Dermatitis herpetiformis (DH) is an autoimmune blistering skin disorder that is associated with gluten sensitivity. It presents as a papulovesicular rash and is often associated with enteropathy. The rash resolves when the patient is placed on a gluten-free diet and/or dapsone. DH, as well as celiac disease, is tightly associated with DQ2 and DQ8. A novel mouse model for DH is described that utilizes the NOD background and the HLA-DQ8 transgene. The addition of DQ8 contributes sensitivity to gliadin, and the addition of the NOD background contributes to autoimmunity and pathogenesis. Fifteen NOD DQ8+ mice of 90 that were sensitized to gluten developed blistering pathology similar to that seen in DH. Neutrophil infiltration of the dermis, deposition of IgA at the dermal-epidermal junction, and a complete reversal of the blistering phenomenon with the administration of a gluten-free diet with or without dapsone were observed. None of the 3 blistering mice examined had small-bowel pathology. This animal model of DH will be useful to determine the specificity of the IgA deposits, as well as the pathogenic mechanisms that occur in the skin as a result of gluten ingestion.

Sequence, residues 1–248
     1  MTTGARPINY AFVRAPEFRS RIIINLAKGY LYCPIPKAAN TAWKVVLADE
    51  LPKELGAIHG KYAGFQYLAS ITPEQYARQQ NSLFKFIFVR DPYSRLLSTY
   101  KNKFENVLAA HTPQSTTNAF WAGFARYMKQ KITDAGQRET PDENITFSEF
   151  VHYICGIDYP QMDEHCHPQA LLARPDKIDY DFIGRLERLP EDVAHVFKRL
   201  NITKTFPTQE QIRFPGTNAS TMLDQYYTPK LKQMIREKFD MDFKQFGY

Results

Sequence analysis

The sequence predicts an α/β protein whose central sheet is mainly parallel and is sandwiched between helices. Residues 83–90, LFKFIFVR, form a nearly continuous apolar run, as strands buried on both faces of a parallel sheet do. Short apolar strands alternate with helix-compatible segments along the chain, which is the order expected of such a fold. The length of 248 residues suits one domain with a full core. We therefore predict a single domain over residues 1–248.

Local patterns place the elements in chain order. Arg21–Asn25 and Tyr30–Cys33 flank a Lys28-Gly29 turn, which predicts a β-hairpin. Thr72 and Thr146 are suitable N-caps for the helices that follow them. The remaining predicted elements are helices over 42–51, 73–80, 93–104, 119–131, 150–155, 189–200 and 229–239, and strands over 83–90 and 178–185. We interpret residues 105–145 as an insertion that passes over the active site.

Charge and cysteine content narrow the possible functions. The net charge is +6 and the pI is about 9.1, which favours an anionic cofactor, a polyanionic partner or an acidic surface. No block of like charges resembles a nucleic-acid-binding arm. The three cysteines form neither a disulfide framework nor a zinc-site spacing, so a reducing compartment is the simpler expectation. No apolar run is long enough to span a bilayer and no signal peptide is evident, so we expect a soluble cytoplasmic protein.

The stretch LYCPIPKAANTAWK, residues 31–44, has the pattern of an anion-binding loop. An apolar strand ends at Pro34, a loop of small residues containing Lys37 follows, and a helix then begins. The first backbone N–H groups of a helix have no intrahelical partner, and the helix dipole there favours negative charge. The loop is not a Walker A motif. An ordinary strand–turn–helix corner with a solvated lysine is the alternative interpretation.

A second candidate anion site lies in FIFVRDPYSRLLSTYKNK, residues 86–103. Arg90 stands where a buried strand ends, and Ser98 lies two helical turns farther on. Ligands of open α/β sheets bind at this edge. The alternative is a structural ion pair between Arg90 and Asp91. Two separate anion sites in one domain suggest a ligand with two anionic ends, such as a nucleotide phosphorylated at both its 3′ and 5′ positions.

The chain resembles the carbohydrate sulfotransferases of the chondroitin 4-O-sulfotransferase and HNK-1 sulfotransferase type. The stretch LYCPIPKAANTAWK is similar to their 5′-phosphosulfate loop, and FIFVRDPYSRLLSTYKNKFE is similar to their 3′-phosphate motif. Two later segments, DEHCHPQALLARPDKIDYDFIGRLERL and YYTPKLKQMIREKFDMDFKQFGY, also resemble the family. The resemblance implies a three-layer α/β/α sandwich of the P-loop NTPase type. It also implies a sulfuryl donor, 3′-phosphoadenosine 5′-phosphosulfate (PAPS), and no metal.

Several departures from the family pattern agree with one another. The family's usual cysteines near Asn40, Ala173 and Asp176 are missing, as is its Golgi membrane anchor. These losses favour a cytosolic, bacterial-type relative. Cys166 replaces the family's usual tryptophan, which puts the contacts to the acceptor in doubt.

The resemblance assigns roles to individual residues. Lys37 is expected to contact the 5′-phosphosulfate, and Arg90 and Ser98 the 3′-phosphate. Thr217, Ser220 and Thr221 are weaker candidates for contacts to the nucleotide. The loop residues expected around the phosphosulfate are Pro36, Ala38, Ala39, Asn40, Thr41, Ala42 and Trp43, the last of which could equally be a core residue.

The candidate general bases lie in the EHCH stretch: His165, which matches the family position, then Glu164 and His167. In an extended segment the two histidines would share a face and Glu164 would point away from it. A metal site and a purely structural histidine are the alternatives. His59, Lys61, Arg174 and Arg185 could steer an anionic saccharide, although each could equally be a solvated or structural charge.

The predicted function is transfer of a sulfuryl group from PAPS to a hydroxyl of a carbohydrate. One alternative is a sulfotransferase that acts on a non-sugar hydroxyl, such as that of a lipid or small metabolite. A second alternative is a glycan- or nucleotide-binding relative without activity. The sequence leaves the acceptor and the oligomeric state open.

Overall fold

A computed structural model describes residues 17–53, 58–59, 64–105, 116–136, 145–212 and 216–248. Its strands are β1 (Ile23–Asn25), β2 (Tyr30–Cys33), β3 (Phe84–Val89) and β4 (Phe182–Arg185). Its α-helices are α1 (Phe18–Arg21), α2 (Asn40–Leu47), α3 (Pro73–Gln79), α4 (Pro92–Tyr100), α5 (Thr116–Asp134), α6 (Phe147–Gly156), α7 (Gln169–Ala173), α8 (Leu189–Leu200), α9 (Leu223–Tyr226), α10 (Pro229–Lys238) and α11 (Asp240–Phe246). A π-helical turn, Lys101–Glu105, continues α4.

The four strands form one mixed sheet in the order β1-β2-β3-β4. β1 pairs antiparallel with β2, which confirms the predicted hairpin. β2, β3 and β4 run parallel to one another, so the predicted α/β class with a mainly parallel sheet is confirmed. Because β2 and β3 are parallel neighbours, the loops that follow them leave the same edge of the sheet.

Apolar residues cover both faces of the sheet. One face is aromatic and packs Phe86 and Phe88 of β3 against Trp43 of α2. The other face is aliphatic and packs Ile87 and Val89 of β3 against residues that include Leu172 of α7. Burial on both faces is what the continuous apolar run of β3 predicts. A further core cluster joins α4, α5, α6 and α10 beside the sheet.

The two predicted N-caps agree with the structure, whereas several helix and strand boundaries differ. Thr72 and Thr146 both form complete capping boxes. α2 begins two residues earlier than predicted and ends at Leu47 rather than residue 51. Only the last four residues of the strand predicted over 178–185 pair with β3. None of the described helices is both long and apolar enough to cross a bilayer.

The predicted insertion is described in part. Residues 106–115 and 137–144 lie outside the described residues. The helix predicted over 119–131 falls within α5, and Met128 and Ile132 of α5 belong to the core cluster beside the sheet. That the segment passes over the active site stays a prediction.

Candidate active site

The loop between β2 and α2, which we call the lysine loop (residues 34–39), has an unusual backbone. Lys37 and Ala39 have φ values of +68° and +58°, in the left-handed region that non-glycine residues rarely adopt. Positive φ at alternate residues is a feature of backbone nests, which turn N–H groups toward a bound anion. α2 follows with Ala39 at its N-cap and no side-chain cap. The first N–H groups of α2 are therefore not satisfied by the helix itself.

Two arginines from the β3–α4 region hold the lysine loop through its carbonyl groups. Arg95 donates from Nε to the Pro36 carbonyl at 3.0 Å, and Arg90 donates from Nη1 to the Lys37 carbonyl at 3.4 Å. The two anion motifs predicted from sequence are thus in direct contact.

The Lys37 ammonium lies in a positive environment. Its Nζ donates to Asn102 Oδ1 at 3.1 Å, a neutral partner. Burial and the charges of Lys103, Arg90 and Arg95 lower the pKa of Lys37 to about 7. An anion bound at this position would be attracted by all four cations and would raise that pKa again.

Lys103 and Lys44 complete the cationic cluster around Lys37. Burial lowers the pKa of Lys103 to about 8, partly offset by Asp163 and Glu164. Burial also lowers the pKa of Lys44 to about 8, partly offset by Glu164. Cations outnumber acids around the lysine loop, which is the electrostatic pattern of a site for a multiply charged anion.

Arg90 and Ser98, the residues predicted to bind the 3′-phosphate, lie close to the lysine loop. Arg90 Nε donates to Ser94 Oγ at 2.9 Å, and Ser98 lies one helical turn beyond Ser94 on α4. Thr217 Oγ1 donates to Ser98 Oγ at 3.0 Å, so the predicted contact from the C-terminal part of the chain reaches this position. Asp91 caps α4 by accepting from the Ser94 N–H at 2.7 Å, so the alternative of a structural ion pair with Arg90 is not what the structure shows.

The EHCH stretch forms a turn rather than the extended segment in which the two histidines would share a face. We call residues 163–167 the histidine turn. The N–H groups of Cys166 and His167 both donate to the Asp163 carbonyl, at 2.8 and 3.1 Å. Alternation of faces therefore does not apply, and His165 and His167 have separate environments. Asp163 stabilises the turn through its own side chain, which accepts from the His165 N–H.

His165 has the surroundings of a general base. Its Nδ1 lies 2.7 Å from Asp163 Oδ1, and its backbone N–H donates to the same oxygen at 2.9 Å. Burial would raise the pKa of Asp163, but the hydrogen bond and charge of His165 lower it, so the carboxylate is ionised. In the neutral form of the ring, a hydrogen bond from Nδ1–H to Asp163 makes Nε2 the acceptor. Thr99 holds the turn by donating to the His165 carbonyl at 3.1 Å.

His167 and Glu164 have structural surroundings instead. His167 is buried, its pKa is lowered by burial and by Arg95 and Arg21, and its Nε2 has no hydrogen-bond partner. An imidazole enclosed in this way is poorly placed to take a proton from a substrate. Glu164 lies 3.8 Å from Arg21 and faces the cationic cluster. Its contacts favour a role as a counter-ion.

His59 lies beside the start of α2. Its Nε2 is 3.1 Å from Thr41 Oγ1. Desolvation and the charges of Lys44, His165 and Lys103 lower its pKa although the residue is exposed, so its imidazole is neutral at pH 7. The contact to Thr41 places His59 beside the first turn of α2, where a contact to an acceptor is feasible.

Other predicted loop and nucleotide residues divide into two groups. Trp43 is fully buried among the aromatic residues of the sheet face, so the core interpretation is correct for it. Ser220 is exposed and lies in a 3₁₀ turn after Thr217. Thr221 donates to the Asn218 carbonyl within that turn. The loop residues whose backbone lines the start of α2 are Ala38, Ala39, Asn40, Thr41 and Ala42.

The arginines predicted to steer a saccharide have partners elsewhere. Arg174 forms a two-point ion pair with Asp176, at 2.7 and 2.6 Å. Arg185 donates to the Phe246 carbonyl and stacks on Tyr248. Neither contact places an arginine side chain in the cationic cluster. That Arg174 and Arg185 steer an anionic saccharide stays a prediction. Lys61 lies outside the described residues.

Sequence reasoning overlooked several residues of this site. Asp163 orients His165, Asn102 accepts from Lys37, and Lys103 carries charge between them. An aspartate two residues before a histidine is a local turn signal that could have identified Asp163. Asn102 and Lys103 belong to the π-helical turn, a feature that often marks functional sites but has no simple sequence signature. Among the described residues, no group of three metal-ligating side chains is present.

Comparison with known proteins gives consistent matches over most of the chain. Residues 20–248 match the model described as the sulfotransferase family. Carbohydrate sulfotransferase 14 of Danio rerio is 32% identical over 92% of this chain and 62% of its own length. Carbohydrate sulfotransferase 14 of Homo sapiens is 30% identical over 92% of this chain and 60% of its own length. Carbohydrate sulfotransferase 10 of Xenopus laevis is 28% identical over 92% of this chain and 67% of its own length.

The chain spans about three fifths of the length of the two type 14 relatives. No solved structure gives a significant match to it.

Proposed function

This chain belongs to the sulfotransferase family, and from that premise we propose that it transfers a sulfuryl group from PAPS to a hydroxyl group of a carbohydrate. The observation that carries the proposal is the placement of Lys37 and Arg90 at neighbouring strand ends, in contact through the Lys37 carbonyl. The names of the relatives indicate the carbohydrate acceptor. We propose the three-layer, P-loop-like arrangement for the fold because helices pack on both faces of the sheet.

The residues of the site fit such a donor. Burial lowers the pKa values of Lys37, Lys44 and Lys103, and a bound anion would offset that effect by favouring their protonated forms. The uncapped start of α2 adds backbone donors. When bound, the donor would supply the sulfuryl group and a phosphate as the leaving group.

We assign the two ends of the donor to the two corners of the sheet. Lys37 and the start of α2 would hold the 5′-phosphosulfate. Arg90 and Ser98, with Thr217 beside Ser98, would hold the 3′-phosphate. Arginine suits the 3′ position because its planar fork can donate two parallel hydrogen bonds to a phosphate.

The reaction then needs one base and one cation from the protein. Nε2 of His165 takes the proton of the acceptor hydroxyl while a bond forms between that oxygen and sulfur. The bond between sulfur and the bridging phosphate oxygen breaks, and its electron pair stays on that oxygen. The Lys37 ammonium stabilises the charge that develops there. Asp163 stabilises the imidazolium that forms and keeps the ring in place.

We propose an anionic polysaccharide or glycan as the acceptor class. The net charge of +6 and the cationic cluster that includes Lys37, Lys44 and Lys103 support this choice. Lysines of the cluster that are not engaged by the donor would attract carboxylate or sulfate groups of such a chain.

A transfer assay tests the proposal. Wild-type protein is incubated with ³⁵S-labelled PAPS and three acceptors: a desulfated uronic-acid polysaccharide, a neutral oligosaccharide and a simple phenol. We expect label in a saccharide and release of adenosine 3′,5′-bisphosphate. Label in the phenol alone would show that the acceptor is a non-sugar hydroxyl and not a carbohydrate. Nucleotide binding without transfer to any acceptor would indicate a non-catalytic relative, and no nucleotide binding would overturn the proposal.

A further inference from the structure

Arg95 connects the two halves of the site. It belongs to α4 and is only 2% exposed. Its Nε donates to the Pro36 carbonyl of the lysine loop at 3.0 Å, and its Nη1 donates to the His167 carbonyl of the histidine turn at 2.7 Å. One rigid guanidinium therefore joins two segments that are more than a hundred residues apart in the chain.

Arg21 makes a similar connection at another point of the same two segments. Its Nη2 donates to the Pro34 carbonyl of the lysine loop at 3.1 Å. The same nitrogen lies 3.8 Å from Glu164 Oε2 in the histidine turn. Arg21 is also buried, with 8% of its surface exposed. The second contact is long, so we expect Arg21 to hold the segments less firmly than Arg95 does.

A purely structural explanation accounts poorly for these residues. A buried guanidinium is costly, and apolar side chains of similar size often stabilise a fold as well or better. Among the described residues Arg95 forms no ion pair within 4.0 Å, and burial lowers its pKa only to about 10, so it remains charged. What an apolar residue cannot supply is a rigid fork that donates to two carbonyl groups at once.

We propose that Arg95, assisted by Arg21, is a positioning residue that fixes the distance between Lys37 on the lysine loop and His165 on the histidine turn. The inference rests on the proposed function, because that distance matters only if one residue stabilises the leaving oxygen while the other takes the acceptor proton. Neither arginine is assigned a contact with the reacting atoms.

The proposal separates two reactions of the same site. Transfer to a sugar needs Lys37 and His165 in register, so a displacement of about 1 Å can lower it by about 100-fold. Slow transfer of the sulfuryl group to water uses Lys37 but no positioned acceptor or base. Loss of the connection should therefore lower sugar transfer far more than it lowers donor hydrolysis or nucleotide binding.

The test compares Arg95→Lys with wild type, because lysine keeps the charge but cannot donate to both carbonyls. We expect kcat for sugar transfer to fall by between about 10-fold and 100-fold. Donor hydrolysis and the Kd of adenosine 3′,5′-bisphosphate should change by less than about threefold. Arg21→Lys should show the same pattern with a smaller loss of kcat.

Eric Marietta, Kay Black, Michael Camilleri, Patricia Krause, Roy S. Rogers III, Chella David, Mark R. Pittelkow, Joseph A. Murray
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